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The dip method is a quick staining method that uses a modified Wright -Giemsa stain buffered in methanol at pH 6.8. Slides are immersed in the stain in a coplin jar for a user -determined length of time. It is important that the Wright-Giemsa stain be kept tightly sealed in coplin jar when not in use and be replaced when water artifact


Staining and staining problems There is 2 main types of stains that is used most commonly. They are the Romanowsky and Papanicolaou(and it's derivatives). Romanowsky-type stain are more rewarding and practical, and readily available in practice situations. Example of such stains are Wright's stain, Giemsa stain, Diff-Quik.


The related stains are known as the buffered Wright stain, the Wright-Giemsa stain (a combination of Wright and Giemsa stains), and the buffered Wright-Giemsa stain, and specific instructions depend on the solutions being used, which may include eosin Y, azure B, and methylene blue (some commercial preparations combine solutions to simplify ...


Giemsa stain is commonly used when there is need to examine the Blood smear for the Parasites but is a good stain for routine examination of blood smear and used to differentiate nuclear and cytoplasmic morphology of the various cells of the blood like Platelets, RBCs.... Giemsa Staining Technique....


The Wright-Giemsa stain is a modified Romanowsky stain composed of a combination of basic dyes, viz., methylene blue and its oxidative products, azure A and azure B, and an acidic dye, eosin. The stain is used routinely in hematology laboratories to stain peripheral blood and bone marrow aspirate smears.


Wright-Giemsa Stain, Modified : When blood films are stained using Wright-Giemsa Stain, the white blood cell nucleus and cytoplasm take on the characteristic blue or pink coloration. The combination of purified eosin and thiazine dyes in the product eliminates inconsistent staining and yields reproducible chromogenic responses.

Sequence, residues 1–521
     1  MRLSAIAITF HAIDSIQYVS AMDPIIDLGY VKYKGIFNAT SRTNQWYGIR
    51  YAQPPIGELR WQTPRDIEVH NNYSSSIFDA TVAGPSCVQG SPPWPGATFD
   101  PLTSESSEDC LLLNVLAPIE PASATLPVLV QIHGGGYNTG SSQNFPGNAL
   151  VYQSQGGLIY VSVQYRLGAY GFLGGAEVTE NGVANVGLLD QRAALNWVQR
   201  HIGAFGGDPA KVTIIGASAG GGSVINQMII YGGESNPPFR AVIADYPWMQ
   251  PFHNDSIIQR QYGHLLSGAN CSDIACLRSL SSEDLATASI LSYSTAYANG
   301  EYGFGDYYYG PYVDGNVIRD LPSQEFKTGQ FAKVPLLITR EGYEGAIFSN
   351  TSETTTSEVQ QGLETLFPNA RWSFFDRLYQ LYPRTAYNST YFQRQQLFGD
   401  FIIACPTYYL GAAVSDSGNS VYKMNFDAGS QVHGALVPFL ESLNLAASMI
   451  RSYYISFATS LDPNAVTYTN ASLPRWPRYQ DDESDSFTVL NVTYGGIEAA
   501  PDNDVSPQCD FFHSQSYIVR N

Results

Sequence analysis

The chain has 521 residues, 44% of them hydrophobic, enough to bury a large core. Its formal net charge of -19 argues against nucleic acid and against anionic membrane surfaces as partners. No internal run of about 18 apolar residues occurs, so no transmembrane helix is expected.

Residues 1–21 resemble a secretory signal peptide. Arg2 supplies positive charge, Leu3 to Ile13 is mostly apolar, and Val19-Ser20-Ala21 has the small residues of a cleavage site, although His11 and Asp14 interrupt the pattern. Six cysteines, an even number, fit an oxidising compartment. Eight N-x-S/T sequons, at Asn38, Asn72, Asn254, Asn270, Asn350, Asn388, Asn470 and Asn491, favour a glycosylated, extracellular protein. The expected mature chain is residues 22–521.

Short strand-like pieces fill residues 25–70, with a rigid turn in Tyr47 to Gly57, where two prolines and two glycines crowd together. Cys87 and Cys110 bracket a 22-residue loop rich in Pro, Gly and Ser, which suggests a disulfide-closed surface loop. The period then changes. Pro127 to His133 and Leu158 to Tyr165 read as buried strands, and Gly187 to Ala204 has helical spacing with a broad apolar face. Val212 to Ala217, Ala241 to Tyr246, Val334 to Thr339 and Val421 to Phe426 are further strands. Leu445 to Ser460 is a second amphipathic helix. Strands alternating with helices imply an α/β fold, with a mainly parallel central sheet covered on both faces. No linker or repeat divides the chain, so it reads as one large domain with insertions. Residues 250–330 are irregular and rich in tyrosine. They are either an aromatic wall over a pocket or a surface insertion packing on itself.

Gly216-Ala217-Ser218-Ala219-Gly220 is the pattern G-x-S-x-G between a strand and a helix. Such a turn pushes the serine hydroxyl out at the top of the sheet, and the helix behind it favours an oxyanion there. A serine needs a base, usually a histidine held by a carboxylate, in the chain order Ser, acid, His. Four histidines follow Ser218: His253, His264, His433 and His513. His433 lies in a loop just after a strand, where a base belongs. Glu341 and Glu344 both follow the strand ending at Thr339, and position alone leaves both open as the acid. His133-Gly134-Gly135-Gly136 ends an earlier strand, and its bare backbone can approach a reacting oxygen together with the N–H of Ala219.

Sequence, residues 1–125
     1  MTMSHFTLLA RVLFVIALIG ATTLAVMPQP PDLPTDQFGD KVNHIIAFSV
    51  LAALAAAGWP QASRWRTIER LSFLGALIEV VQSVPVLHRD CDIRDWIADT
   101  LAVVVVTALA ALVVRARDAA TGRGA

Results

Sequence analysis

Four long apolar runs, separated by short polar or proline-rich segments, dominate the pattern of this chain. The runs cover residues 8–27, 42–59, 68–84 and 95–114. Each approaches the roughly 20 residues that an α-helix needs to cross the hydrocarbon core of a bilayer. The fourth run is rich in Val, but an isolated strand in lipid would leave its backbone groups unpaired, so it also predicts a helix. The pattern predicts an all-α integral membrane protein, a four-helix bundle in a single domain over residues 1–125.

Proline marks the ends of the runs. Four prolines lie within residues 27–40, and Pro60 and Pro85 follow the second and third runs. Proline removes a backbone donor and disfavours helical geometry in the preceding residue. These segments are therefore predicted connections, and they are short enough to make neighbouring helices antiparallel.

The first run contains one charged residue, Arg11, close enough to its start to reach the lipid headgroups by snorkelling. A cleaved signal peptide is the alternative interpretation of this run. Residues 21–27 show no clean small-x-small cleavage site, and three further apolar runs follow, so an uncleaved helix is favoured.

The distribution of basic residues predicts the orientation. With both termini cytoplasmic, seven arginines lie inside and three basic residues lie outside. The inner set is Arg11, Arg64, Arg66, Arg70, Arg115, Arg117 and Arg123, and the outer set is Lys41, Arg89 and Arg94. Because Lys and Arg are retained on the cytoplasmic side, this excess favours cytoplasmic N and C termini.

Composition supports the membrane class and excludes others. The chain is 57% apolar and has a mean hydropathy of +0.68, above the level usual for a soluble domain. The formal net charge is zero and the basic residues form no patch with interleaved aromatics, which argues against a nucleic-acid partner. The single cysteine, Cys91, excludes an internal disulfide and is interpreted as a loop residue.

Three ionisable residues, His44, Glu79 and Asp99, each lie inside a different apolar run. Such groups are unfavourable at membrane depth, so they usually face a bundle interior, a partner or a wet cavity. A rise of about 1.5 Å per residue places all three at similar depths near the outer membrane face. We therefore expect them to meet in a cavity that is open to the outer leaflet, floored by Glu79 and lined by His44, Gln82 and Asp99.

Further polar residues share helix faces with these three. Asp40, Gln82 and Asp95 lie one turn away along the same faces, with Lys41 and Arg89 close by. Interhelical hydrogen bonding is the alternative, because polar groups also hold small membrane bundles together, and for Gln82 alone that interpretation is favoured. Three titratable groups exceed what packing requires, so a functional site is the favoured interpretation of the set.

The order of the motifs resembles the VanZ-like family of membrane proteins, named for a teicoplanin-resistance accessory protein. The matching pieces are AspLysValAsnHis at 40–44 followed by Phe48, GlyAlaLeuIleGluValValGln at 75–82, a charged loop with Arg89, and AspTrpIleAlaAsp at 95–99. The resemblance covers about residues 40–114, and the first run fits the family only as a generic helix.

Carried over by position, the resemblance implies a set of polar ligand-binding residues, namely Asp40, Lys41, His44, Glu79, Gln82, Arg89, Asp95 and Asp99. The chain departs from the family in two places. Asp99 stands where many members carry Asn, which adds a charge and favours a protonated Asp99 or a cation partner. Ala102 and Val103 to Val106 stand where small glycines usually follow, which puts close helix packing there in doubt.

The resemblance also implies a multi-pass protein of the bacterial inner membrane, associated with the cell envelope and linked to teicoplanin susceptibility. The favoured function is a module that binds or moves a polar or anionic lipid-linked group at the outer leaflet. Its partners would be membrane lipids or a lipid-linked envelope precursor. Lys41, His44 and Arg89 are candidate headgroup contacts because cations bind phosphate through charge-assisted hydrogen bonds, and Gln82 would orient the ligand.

Staining the Blood Smear After the smear has been produced properly, it is ready for Wright's staining. The mechanism of Wright's staining is a proc­ ess in which both chemical and physical factors playa role. During the staining proc­ ess, the stain in methanol is directly applied to the smear. The alcoholic solution tends to


Wright staining is used to differentiate blood cells which consist of a mixture of eosin and methylene blue dyes. Giemsa staining is utilized during the staining of bacterial cells as well as human cells and could be combined with Wright stain to develop Giemsa Wright stain. This is the key difference between Giemsa stain and Wright stain. CONTENTS


Stain Paks. The Stain Pak consists of one bottle each of stain, buffer, and rinse solutions, and is designed for easy installation and removal from the instrument. NOTE Only Hematek Stain Paks should be used with the Hematek Slide Stainer. Use of other stain packs or solutions may void the warranty.


1. Place approximately 50 ml Wright-Giemsa Stain in a Coplin jar. 2. Fill another Coplin jar with water or phosphate buffer. 3. Place thoroughly dried blood film,feather edge DOWN, in Wright-Giemsa Stain for approximately 30 seconds. NOTE: Rapid dipping for 5-10 seconds may reduce water artifacts on films that are not thoroughly dried. 4.